When I was a kid, I was enamored by William Sleator. In fact, in third grade, I was picked as the representative from my class to go to a writer’s conference, where I also got to meet William Sleator. I had a copy of his book, Into a Dream, and he autographed it. I will never forget that day.
A year or so later, my dog ate the book.
Anyways, the reason for this post has nothing to do with William Sleator, the book, or the dog.
Lately, I have had some pretty wild dreams. And while they are all very different, the concept in the dream is always the same, which led me to the all-knowing Google to find out what that mean.
In one of the dreams, I am at the beach. Various members of my family are with me. Suddenly a tsunami hits, and water starts rising. We climb to the top of a building trying to find safety, while the water continues to rise.
I wake up before the water gets us.
A couple nights ago, I was at an outdoor mall of some sort. While walking through one of the “roads”, someone warns us that this road floods everyday at the same time and we only had about 10 minutes to get out before the flood came. For some reason, we couldn’t make it out in time, and we became trapped in the rising water. The water rose, taller than the buildings. My family and I became separated and I struggled to stay afloat. When the water receded I found my family members, except for one, and then I woke up. Terrified.
At first I thought, this must be the way I am going to die.
Then I figured- let’s be rational. Let’s google this.
From DreamMoods.com :
To dream that water is rising up in your house suggests that you are becoming overwhelmed by your emotions.
To dream that a wall of water is coming towards you implies that your emotions are welling up and can potentially close you off to others.
A body of water rising over your head, or you being pulled under water, can represent a feeling of overwhelm in real life.
So there you have it. I am overwhelmed. Duh.
For those that know me, know my inner-conflict. I have moved five times in my adult life. Each time, I have never really looked back. In two weeks, I am moving again. But this time, I don’t want to.
I really feel like it is the perfect lose-lose situation for me.
I stay in South Carolina- I stay alone. My family, including husband and kids, are back in the Heartland of Ohio, having moved back six months ago.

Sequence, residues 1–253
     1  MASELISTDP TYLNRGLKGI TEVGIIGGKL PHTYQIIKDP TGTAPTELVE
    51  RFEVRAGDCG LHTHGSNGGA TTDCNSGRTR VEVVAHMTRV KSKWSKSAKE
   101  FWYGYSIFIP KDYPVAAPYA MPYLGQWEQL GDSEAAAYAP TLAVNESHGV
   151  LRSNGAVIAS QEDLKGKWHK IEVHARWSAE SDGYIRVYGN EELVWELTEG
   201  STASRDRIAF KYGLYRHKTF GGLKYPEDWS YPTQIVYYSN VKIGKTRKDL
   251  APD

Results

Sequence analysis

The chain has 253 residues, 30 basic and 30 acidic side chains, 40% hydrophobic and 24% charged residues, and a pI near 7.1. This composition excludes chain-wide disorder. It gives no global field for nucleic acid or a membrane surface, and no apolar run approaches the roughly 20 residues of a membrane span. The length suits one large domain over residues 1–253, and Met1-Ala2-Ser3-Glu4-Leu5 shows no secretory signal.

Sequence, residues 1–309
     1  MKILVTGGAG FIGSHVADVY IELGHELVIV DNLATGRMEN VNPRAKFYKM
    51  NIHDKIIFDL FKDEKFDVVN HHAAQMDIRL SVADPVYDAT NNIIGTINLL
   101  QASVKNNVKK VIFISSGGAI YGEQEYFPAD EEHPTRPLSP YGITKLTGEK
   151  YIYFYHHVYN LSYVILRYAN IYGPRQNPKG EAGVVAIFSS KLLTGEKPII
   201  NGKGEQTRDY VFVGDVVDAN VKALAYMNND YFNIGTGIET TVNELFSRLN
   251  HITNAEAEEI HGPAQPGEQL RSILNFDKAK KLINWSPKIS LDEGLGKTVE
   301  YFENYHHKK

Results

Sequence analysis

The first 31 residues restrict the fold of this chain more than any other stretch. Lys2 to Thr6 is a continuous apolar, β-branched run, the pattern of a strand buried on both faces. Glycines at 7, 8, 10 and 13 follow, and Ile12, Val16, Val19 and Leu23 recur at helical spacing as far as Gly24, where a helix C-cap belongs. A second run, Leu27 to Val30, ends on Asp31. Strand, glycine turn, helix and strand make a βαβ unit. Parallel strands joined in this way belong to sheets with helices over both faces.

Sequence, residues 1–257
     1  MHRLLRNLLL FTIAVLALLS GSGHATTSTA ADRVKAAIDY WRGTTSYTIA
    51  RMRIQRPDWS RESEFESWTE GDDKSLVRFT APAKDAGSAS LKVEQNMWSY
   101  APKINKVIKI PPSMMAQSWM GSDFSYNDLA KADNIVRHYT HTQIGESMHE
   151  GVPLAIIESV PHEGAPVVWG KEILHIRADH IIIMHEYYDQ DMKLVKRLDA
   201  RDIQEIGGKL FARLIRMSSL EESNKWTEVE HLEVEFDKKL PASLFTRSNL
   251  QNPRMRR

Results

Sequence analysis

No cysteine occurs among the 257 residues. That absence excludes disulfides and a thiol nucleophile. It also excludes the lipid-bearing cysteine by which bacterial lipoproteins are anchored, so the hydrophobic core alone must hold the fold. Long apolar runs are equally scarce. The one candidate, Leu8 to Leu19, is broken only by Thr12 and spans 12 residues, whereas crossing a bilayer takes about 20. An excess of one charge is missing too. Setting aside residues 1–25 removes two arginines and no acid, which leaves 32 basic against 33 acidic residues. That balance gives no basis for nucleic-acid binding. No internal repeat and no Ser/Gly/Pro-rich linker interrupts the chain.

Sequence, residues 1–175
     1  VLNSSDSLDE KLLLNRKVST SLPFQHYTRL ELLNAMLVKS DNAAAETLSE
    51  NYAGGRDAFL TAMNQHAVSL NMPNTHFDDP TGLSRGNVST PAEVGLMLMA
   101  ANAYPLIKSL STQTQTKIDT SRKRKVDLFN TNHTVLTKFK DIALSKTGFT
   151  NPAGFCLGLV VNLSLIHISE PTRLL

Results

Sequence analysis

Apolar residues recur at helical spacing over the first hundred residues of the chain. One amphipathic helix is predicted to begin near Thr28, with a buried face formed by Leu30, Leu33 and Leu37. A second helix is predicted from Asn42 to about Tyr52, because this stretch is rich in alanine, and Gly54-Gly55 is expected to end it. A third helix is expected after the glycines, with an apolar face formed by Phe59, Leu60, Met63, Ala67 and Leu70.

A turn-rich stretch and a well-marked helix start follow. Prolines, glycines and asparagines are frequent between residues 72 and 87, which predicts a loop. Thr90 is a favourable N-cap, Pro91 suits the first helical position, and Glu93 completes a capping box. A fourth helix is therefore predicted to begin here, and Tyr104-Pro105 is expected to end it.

I don’t want to stay anywhere without my family. But, I don’t want to leave South Carolina.
I drive down the now-familiar roads here everyday and feel sadness. I look at each house, each tree, each road sign, in an attempt to memorize it.
I go into the local grocery store and am overwhelmed by depression. I hear the southern accents, and I know I am leaving them for my regular old Giant Eagle I shopped at for years. I am leaving behind somewhere I have truly enjoyed living for two years.
Sure, I can come back and visit. But it won’t be the same. I can drive by my house, but it won’t be mine anymore. I can go into the grocery store, and hear those southern accents, but it will just make me sad. It will make me sad that I have been missing that.
I mean, it is what it is at this point. I am going back. Today, we had a showing on our house. Apparently someone else is interested in it. My house. Which, in two weeks, will no longer be mine.
I’ll miss driving by the park once a week as I head into town. I’ll miss the cotton fields as they light up the green earth with white. I’ll miss the daily dose of sunshine. I’ll miss the different way of life that is the south. Less “keeping up with the Jones’s” and more “waving at your neighbor as they sit on their rickety front porch drinking sweet tea”.
I’ll miss it. I’ll miss it badly.
When moving weekend comes, my husband will surely have to drag me out, kicking and screaming. I might even spread my arms and legs so I won’t fit through the door.
But, what can I do? As I said earlier, I don’t want to live alone…
The last two years were an adventure. A wonderful one. We lived among true southern culture. And I will be back.
I will not move to Myrtle Beach, or Charleston, or other tourist-trap towns. They aren’t the same.
I’ll live once again in a small, southern town, where people know how to slow down and enjoy life. Where people know what real-life values are, and should be.
I’ll miss you South Carolina~ but I’ll be back one day.